Speaking today at the UK National Stem Cell Network Annual Science Meeting in Edinburgh, Professor Silvia Marino shows how the mechanisms normally involved in balancing different functions of stem cells may also contribute to cancer. Her team from Barts and the London School of Medicine and Dentistry is currently delving into these mechanisms to understand how stem cells are normally regulated and what role they may play in malignant brain tumours. This work has been funded by Cancer Research UK, Oncosuisse, Barts and the London Charity, Ali's Dream and Charlie's Challenge.
Professor Marino said: "Stem cells are present in the adult brain where they normally play a role in repair and regeneration. We want to know whether brain cancer can originate from problems in the regulation of these cells. Moreover, it is becoming increasingly clear that tumours maintain themselves with mechanisms similar to the ones used by stem cells. We want to understand whether differences can be identified between normal stem cells and cancer stem cells. If this is the case, new drugs can be developed to specifically kill the cells maintaining and propagating the tumour without harming normal stem cells."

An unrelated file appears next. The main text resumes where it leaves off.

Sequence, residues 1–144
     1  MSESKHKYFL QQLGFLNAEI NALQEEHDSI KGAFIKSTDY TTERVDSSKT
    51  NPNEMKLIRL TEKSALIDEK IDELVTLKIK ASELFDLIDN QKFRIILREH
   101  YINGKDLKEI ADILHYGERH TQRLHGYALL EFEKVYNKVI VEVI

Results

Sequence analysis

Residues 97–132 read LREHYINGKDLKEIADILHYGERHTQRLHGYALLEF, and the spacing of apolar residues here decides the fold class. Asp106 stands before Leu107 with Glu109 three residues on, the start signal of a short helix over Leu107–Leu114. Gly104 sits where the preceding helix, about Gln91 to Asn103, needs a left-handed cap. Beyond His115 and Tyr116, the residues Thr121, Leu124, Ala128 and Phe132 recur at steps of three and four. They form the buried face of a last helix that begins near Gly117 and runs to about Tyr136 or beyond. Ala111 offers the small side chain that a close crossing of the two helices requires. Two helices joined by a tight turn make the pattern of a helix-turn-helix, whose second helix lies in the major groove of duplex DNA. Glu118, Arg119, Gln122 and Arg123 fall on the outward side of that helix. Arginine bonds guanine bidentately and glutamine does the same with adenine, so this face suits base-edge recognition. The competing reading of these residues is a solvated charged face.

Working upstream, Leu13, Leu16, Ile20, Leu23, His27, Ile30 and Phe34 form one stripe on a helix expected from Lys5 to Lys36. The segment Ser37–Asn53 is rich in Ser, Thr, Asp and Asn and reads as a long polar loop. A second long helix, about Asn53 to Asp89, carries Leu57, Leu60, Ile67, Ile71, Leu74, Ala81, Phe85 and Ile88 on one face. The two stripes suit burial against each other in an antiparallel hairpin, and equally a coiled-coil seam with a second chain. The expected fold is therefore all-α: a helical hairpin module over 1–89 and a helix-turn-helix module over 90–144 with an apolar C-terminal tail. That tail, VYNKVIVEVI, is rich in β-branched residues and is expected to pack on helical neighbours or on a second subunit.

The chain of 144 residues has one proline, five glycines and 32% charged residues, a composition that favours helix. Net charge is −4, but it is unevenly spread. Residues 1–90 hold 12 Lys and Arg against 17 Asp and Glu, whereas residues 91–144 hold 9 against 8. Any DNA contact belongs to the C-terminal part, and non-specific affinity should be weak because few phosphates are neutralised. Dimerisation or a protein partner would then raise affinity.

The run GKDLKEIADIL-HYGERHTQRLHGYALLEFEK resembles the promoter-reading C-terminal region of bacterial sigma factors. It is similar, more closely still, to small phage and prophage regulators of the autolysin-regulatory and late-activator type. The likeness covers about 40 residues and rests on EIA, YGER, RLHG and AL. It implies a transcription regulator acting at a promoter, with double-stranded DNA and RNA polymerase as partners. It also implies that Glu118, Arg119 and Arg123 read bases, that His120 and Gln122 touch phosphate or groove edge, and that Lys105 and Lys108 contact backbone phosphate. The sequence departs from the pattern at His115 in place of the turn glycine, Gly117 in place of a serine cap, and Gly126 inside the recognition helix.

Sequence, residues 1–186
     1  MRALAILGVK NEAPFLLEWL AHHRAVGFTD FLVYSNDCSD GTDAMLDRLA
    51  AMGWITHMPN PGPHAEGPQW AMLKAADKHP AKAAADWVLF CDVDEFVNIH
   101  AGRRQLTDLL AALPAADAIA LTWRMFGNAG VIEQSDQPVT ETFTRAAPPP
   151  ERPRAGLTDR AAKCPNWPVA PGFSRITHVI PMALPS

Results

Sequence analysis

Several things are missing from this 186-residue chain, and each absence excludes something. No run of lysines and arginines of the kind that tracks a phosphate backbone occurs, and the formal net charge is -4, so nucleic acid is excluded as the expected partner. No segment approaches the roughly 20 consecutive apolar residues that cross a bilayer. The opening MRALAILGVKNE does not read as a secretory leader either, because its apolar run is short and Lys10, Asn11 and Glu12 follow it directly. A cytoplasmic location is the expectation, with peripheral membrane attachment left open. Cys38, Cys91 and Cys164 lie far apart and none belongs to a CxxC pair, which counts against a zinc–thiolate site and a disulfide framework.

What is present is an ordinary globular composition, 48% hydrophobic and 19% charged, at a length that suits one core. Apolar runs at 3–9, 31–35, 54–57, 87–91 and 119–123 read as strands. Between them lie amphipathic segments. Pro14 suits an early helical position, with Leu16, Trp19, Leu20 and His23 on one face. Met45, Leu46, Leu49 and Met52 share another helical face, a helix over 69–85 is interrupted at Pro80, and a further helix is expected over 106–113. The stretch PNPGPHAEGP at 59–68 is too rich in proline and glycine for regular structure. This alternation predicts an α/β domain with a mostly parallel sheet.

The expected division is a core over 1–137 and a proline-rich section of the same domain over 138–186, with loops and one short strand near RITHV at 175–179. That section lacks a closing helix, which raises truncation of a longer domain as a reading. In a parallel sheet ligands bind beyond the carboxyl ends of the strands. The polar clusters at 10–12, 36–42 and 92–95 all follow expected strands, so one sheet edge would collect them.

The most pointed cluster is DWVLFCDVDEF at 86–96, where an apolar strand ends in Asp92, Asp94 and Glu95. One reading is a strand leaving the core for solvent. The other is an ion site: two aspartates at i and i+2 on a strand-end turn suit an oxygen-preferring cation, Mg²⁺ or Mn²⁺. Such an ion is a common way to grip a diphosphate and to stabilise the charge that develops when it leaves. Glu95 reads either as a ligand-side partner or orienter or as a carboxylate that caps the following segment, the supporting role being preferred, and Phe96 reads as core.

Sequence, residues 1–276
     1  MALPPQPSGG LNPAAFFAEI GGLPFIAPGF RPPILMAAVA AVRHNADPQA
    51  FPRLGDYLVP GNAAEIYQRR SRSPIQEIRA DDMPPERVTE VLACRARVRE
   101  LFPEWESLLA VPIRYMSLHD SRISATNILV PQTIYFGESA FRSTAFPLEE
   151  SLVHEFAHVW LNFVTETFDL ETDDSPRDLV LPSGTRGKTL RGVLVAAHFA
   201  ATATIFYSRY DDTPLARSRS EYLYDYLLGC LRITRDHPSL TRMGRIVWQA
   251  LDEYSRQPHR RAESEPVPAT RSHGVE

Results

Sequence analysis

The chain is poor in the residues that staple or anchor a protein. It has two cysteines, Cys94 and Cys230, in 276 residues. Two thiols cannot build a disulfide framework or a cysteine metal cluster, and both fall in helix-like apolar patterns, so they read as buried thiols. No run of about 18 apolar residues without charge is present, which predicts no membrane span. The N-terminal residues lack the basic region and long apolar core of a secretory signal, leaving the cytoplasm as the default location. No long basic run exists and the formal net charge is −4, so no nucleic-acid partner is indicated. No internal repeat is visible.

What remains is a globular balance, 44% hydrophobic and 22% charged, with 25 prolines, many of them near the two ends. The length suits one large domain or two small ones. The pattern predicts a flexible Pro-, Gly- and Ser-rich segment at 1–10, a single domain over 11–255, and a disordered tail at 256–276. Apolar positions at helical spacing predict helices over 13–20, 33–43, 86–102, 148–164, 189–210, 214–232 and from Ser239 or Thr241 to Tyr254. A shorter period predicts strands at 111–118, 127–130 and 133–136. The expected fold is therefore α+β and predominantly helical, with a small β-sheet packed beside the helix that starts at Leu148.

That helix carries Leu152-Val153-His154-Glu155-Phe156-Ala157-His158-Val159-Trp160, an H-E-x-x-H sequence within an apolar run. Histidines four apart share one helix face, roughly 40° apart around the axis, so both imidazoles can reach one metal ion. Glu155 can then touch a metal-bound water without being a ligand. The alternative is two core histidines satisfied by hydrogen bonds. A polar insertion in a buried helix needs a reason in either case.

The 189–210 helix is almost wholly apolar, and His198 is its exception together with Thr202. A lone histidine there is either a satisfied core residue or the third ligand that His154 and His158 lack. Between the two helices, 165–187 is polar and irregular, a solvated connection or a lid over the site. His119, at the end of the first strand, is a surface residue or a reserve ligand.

In the body it is vital that a balance is struck between maintaining numbers of stem cells with making new stem cell derived tissues. This is important in embryonic development and also in preserving healthy adult tissues. If the balance is wrong then disease can arise. Cancer can result from stem cells dividing too much, leading to an excess of new cells. But if stem cells do not divide to replenish the stocks for renewal and repair then the result can be ageing and possibly degenerative diseases.
Professor Marino's group works to identify the mechanisms involved in maintaining this balance and assess whether similar mechanisms can possibly contribute to the formation and maintenance of malignant brain tumours. For example, research to date shows that a gene called Bmi1 is important for maintaining stocks of stem cells and without it the stocks of stem cells are depleted. And importantly this gene is overactive in various cancers including brain tumours.
|Contact: Matt Goode|
Biotechnology and Biological Sciences Research Council